Better Sleep for Seniors

Senior having trouble sleeping

It is not uncommon to experience changing sleep patterns as we age. Natural as these changes are, they can cause concern for many seniors. A study conducted at the University of Washington found that 40% of all seniors reported some type of sleep problem, including very light sleep, frequent awakening, and daytime fatigue or sleepiness. Age also brings a decrease in the deep-sleep stage of sleeping, where the body performs many important physiological functions. Even seniors who did not report sleep difficulties were determined to have changes in sleep patterns when they were monitored in sleep laboratories.

What does a “good night’s sleep” really mean? There is a normal variation of sleep requirements among people of all ages, but most healthy adults need somewhere between 7 and 9 hours of sleep each night. The best measure for yourself is probably how you feel in the morning, not some arbitrary number of hours. If you routinely wake up feeling poorly rested, or feel tired during the day, it is a good bet that you are not sleeping enough.

If you think you may have a serious sleep disorder like sleep apnea or restless leg syndrome, this should be evaluated by a doctor. However, most sleep disorders seen in seniors are the normal changes that come with years. Severe sleep disturbances may require medications, but these drugs are not a long-term solution for most people, and they can cause serious side effects, including addiction. Unfortunately, many seniors who report poor sleeping symptoms to doctors are placed on a prescription drug. Instead, sleep experts recommend a “sleep hygiene” routine that involves non-drug measures. Often these are just common sense, good-health practices for people of all ages.

Getting a good night’s sleep should start with good daytime practices and habits. The term “sleep hygiene” refers to all of the activities that contribute to getting a good rest, even daytime activities. Diet and exercise habits throughout the day have a big effect on sleep quality. Numerous studies have noted the sleep benefits of regular exercise. This does not have to mean heavy workouts; a good walk will help, but if there is no reason to prevent it, aerobic exercise seems to be one of the best sleep aids.

Exercise is a good way to reduce stress, and if you can get outside, exposure to sunlight will stimulate production of the hormone, melatonin. Melatonin helps to maintain a proper sleep-wake cycle. If your physical condition permits, activities like swimming, dancing, cycling, group walking, golf, or tennis are beneficial. They get you outside, help reduce stress, and present opportunities for social interaction. Lack of social interaction and elevated stress have been identified as causes of sleep disorders.

A good way to start is to identify the possible causes of sleep difficulty. Do you feel stressed, depressed, or have anxiety? Do you have any medical conditions like arthritis or muscle pain that make sleep more difficult? See if your doctor can help relieve these “sleep blockers.” Seniors often take more drugs than younger people and they metabolize them differently. Ask your doctor or pharmacist if any of your medications could be causing sleep difficulties. What about your use of alcohol and tobacco? Alcohol may seem to make you sleepy, but it actually disrupts healthy sleep patterns.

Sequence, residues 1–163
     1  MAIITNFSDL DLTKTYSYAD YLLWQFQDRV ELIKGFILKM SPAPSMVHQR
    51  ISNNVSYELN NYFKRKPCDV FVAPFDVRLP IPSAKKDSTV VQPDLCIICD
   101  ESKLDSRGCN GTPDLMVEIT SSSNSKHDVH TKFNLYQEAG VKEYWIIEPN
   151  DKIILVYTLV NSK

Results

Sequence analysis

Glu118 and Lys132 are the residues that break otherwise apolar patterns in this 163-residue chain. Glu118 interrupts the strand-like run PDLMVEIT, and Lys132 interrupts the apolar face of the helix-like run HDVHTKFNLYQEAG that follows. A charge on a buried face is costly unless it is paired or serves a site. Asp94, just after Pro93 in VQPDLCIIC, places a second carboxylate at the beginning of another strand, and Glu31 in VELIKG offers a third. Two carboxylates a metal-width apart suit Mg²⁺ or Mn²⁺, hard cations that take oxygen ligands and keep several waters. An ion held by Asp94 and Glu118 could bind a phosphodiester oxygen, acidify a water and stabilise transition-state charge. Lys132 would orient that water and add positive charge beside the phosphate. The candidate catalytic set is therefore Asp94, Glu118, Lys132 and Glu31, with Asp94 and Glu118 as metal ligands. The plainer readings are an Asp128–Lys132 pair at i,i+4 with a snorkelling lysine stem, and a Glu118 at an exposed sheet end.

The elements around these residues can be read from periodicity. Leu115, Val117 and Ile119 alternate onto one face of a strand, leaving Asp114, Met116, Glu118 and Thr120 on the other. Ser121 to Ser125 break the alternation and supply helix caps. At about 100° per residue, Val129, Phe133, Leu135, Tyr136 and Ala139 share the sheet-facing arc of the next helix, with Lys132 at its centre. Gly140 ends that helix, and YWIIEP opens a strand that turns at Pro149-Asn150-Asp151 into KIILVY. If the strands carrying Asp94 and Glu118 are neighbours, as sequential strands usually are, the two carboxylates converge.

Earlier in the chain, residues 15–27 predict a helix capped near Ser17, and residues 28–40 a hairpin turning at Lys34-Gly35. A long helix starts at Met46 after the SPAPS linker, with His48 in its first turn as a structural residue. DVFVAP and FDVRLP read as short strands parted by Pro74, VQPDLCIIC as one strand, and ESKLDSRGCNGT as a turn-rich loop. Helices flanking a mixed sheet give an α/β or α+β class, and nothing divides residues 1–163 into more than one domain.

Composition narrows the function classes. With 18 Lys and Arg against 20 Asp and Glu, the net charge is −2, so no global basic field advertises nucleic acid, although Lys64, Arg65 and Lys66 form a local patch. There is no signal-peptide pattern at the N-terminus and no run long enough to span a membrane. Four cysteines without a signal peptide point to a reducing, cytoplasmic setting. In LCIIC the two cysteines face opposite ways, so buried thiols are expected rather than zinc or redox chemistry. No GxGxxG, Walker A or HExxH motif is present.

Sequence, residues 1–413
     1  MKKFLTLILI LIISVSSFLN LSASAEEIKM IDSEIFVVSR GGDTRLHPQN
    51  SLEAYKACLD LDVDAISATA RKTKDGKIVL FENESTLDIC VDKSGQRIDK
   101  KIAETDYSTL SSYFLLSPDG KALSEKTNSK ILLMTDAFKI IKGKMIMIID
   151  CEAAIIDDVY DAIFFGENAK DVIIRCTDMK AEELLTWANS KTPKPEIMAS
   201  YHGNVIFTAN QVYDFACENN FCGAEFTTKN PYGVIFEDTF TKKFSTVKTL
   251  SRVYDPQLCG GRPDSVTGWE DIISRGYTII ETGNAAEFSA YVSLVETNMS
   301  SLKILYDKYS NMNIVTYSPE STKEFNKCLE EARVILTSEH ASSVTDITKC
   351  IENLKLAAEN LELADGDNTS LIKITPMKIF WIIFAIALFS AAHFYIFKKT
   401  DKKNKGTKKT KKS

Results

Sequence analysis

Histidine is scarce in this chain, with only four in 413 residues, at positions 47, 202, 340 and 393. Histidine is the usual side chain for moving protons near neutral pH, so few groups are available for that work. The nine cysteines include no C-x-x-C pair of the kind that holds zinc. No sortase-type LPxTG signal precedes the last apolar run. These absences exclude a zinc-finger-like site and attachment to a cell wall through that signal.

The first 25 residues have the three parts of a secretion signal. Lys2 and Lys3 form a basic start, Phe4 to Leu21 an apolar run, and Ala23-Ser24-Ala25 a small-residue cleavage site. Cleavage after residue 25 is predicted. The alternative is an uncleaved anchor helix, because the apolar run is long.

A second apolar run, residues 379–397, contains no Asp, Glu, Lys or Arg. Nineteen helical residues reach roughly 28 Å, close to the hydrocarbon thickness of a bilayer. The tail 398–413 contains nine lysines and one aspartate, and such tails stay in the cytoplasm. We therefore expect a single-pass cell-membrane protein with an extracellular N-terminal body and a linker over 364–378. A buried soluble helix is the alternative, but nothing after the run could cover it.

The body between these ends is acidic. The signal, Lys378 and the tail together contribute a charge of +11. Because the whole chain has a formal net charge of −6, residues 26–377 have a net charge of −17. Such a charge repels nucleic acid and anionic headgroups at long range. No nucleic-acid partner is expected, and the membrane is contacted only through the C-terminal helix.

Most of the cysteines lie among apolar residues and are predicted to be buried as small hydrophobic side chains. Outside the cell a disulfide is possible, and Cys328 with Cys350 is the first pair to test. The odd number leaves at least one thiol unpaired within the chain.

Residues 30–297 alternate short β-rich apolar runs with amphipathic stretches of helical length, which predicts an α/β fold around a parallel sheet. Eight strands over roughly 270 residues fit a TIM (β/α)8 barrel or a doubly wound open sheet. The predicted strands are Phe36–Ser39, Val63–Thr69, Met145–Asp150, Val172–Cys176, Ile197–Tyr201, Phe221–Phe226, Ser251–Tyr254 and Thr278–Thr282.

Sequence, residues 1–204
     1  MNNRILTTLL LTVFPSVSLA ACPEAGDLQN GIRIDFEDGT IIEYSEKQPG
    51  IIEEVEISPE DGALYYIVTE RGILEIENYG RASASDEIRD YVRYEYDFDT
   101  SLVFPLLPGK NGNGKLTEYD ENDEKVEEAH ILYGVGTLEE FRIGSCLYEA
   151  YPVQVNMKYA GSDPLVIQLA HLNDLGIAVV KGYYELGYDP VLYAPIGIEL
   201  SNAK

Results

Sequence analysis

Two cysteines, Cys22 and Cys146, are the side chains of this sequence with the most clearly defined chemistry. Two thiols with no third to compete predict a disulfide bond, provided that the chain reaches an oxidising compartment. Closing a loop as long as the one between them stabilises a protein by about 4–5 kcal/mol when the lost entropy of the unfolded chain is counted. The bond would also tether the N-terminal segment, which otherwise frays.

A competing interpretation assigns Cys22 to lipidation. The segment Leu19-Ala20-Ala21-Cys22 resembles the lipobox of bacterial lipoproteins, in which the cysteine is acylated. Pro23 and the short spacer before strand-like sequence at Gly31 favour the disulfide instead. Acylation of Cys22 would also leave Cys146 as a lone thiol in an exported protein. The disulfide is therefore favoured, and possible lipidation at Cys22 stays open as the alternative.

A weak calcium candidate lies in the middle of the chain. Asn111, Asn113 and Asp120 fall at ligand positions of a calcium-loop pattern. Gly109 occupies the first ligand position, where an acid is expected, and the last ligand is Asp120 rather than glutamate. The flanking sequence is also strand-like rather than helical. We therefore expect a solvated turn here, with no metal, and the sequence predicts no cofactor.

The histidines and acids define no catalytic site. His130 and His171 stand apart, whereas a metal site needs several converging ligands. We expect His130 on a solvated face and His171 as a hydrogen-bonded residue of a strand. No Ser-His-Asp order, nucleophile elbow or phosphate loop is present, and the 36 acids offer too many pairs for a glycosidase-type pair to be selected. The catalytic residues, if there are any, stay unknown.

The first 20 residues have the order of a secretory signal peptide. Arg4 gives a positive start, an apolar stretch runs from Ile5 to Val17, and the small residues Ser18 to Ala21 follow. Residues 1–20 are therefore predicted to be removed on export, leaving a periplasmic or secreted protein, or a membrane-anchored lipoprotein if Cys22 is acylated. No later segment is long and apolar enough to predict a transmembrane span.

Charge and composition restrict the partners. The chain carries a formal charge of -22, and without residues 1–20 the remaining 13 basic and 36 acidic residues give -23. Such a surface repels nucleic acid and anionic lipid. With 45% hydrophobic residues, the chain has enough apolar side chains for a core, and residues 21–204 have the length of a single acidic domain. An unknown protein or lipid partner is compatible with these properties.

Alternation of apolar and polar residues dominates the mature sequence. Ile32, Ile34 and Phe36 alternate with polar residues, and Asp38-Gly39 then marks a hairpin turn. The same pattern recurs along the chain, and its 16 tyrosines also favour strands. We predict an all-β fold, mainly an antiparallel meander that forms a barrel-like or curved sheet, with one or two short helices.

An obvious culprit of sleep difficulty is caffeine. Limit overall caffeine intake, especially after 2 or 3 PM.  That means soda, tea, and chocolate as well as coffee. It is a good idea to substitute caffeine-free products all day long if possible. High-sugar foods and refined carbohydrates like pasta may cause wakefulness and shorten the periods of deep sleep, so try to avoid them in the evening.

On the other hand, you do not want to have feelings of hunger when you try to sleep. Eat a moderate-size meal for dinner 3 hours or more before bedtime, and if you are still hungry, eat a lite snack like yogurt or low-fat cottage cheese at bedtime. Limit the volume of fluids you consume for the two hours before sleeping to minimize bathroom use during the night.

Changing these habits and your sleep environment may help more than you expect-

  • After dinner, do not read from a back-lit device like a tablet or laptop. The wavelength of light emitted from these devices stimulates the brain, telling it to “wake up.”
  • Give a boost to melatonin production by getting as much sunlight as possible. Artificial light suppresses melatonin levels, so use low-wattage bulbs were safe.
  • Associate your bedroom with sleep, not entertainment or work. Remove televisions, computer screens, etc.
  • Make the bedroom environment conducive to sleep. It should be cool, dark, and quiet. Use earplugs, a sound machine, or a face mask to shut out unwanted stimuli. Your brain should come to associate that room with sleep, not a TV late show. If a show you just have to watch comes on after your bedtime, find some way to watch it “on demand.”
  • Establish a routine bedtime and wake-up time, even on weekends. Going to bed later or getting up earlier should be an exceptional event.
  • If your spouse or partner snores or is restless in bed, go to a different room.
  • Start a “power-down” routine before bedtime. This may involve soothing music, reading a book, a warm bath, meditation, prayer, whatever you find calming and relaxing.
  • Be cautious with over-the-counter “sleep aids.” Even non-prescription drugs can confuse your natural sleep-waking cycle. Of course, if you continue to have trouble, talk to your doctor.

Thanks for reading the OurSeniors.Net website, Facebook page, and blog. Now, have a pleasant, active day and get a good night’s sleep, so we can see you tomorrow.